As a result of the widespread availability of various sensors, from satellites and UAVs, to climate and soil measurement hardware on farms, we can now gather data at unparalleled rates and volumes. However, in its raw state, the data we collect often provides little, if any, insight. These raw measurements need to be processed and analysed through complex pipelines to be turned into a valuable product.

The engine responsible for driving the change of raw data into worthwhile insights is data analytics.

Data Analysis for EcoProMIS

Since joining Agricompas in July, I have been working on ensuring that the data which is stored and arrives on our cloud platform, is as high quality as possible. Analytics and predictions are only ever as good as the data from which they are sourced, hence rigorous checking of data quality is always a necessary layer in data intensive projects. To help with this, I wrote a number of programs generating data quality statistics, which will ensure that any analytics we produce will be reliable and trustworthy.

The statistics produced by these scripts are then visualised and fed into internal dashboards, which provide a quick and intuitive way of keeping an eye on our data and making sure that it looks the way we expect it to.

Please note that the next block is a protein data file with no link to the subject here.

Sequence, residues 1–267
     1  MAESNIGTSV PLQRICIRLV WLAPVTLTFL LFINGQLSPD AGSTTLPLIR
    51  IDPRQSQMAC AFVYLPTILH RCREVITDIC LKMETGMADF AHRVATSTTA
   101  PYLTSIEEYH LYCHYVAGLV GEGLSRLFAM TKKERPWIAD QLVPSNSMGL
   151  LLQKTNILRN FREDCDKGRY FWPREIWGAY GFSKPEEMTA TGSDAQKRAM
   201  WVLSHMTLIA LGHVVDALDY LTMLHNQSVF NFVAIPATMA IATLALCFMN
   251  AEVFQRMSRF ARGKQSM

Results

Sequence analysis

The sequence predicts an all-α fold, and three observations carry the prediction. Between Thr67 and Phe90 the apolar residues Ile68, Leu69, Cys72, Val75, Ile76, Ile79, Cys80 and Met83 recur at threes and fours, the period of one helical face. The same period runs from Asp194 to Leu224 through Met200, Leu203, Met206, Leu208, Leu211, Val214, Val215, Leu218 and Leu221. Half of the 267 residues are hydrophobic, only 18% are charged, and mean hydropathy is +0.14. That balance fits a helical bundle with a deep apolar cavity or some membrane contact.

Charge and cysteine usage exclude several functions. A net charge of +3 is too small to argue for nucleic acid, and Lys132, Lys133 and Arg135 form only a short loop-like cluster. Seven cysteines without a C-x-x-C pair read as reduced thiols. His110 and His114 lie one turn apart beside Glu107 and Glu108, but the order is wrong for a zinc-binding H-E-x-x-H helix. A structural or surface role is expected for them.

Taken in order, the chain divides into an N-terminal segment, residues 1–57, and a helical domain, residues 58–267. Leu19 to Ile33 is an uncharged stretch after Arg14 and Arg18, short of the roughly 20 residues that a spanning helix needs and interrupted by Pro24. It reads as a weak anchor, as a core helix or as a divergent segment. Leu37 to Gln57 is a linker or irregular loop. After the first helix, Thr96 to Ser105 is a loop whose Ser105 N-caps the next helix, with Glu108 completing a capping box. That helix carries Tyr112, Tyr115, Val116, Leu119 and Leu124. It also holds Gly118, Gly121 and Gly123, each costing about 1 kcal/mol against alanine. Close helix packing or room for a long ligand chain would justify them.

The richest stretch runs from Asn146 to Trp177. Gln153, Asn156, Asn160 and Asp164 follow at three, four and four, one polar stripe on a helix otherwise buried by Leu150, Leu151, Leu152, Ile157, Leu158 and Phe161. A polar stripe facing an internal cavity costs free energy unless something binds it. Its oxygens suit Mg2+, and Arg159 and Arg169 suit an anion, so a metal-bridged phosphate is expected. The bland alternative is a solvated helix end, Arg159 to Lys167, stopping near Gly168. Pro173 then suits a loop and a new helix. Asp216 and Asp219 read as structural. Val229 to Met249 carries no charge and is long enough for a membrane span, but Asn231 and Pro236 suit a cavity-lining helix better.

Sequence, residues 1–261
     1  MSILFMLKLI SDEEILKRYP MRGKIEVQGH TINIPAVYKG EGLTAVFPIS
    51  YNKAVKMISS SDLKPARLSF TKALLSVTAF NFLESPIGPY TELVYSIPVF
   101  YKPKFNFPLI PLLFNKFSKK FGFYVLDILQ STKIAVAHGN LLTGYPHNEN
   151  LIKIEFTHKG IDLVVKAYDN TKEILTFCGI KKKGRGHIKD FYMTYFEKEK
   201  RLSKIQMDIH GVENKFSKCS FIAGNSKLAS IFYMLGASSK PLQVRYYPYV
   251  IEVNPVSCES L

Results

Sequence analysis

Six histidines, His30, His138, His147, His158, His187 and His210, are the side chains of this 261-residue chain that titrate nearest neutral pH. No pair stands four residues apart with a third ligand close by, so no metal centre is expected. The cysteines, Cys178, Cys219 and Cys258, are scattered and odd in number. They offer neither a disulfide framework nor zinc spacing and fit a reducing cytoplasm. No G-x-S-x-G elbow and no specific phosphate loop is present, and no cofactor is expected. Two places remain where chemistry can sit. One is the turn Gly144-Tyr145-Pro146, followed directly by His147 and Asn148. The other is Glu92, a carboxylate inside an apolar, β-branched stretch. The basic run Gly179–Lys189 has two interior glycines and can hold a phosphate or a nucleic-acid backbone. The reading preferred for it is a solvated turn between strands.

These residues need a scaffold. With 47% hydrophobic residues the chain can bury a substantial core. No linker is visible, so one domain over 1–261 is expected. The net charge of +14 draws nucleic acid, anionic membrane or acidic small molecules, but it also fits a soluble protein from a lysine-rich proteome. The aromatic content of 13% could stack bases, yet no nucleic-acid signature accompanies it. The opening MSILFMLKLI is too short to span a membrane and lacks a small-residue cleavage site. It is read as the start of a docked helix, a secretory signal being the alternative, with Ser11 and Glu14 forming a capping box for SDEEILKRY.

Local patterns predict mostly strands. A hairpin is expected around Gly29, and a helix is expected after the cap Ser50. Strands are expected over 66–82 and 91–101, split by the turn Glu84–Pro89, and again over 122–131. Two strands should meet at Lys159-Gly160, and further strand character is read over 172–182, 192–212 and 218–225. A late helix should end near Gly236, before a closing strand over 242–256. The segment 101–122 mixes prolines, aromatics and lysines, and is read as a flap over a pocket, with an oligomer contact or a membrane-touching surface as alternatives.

Data analysis is an essential part of our work on the EcoProMIS project.

 

Eddy Covariance Data

So far, one of my most enjoyable (but challenging) experiences was working with large eddy covariance tower datasets. Eddy covariance towers are brilliant at logging and producing rich atmospheric chemistry flux datasets allowing us to understand the minute gas exchange processes in agricultural fields. This data is important for our crop modellers, allowing them to produce various models capable of predicting crop phenology and yields.